High Performance Computing: Collaborations power research & learning

Sam Fried

In a temperature-controlled room located in an out-of-the-way part of campus, rows of computers are humming, blinking and whirring in a High Performance Computing (HPC) Center called DEAC (Distributed Environment for Academic Computing) Cluster. Last year, this centralized HPC system processed over 21 million core-hours from more than 650,000 tasks […]

In a temperature-controlled room located in an out-of-the-way part of campus, rows of computers are humming, blinking and whirring in a High Performance Computing (HPC) Center called DEAC (Distributed Environment for Academic Computing) Cluster.

Last year, this centralized HPC system processed over 21 million core-hours from more than 650,000 tasks that were submitted by Wake Forest researchers. It also hosts an enormous amount of centralized data supported and maintained by the HPC team within the University’s Information Systems (IS) department. 

According to EdTech Magazine, high performance resources are a competitive differentiator for institutions seeking to hire top researchers—especially those at Universities that support research, teaching and learning and regularly upgrade their networks. A centrally maintained HPC Center means departmental funds and professor’s grants can be used to support teaching and research rather than technology.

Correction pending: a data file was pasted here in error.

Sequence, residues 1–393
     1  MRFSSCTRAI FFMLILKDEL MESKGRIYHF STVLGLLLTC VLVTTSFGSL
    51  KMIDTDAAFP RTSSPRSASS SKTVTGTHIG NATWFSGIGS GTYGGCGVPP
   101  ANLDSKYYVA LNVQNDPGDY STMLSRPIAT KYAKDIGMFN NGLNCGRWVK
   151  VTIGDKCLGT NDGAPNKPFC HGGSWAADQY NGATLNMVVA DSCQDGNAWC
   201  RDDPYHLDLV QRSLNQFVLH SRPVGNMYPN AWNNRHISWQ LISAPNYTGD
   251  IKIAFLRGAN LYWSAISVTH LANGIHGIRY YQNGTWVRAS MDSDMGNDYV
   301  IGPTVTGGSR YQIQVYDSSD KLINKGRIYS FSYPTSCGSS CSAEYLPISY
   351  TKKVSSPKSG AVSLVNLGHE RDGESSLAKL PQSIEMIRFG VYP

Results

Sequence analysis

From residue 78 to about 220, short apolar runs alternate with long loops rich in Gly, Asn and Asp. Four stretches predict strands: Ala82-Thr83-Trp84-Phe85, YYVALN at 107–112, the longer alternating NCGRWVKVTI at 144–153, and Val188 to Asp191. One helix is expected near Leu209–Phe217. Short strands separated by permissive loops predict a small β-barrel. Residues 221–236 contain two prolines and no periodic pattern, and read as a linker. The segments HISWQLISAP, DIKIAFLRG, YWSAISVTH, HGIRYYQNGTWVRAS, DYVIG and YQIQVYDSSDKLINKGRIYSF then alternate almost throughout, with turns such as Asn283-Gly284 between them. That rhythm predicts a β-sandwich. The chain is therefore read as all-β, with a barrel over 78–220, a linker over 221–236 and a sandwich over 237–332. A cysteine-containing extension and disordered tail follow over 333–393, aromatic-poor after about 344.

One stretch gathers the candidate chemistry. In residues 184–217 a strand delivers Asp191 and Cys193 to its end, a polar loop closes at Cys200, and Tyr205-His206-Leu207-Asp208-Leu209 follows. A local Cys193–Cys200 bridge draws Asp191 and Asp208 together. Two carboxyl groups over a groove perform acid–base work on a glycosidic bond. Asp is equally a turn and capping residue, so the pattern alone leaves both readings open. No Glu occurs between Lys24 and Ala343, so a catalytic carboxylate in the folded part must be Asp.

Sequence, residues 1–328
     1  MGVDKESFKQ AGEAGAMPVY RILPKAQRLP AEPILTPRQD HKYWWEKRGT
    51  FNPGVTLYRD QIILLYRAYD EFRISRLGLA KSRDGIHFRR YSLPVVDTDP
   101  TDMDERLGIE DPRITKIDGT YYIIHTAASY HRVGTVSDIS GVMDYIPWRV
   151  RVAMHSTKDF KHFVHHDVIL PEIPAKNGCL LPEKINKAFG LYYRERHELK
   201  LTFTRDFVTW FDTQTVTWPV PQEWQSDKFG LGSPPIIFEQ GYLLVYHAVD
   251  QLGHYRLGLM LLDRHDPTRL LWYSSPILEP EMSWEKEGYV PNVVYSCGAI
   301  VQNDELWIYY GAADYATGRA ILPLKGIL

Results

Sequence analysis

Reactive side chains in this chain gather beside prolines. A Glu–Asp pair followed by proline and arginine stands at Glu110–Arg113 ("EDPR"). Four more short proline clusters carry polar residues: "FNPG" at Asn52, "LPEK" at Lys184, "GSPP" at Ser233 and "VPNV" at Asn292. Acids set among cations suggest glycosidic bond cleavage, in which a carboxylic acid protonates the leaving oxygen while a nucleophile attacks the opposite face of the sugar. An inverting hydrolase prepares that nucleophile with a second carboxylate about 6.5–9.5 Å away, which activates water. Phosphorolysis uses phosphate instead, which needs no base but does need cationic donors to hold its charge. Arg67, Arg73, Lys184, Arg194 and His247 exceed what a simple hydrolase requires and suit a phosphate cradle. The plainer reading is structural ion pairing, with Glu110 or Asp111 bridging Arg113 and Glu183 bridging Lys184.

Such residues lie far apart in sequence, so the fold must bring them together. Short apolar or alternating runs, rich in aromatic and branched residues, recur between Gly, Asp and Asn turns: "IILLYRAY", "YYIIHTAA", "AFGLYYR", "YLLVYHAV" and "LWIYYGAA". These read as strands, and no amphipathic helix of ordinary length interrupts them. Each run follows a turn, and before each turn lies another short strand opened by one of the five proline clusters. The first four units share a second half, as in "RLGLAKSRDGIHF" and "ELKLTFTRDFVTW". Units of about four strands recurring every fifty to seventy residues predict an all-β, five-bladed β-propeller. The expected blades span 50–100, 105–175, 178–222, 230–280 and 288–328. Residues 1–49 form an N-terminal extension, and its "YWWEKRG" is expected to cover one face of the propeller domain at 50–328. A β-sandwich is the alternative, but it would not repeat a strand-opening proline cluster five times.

Two decades ago, the Wake Forest Physics department formed the first HPC cluster on the Reynolda campus, which has since evolved into a centralized Information Systems resource, used by several departments and the downtown campus and medical school. Since then, IS has invested heavily in the cluster, expanding the team and updating hardware as research needs have grown. Empowering and accelerating researchers and research remains a high priority for the department as outlined in the IT Strategic Plan.

HPC is changing the future of research  

For researchers, what makes high performance computing powerful is, in part, its ability to split data into partitions and accelerate the collection of data by running more than one variation of code at a time.

Adam Carlson, a senior HPC systems administrator in IS, compares HPC to checking out at the grocery store on a busy day. “If there is only one line open, the process takes a long time. But once multiple lanes open and carts can be scanned simultaneously rather than one at a time. You’re done quickly.”

Carlson and fellow administrators Sean Anderson and Cody Stevens form the HPC team. They upload or create code, trouble-shoot and problem-solve for faculty and students from any discipline who want to find fast ways to analyze lots of data. 

“For many of us, the HPC Center is an essential component of our research and teaching efforts,” said physics professor Natalie Holzwarth, a founding member of the physics department cluster in 2002. She uses HPC to model the properties of materials that might be candidates for solid-state electrolytes for use in battery technology.

High Performance Computing: Collaborations power research & learning

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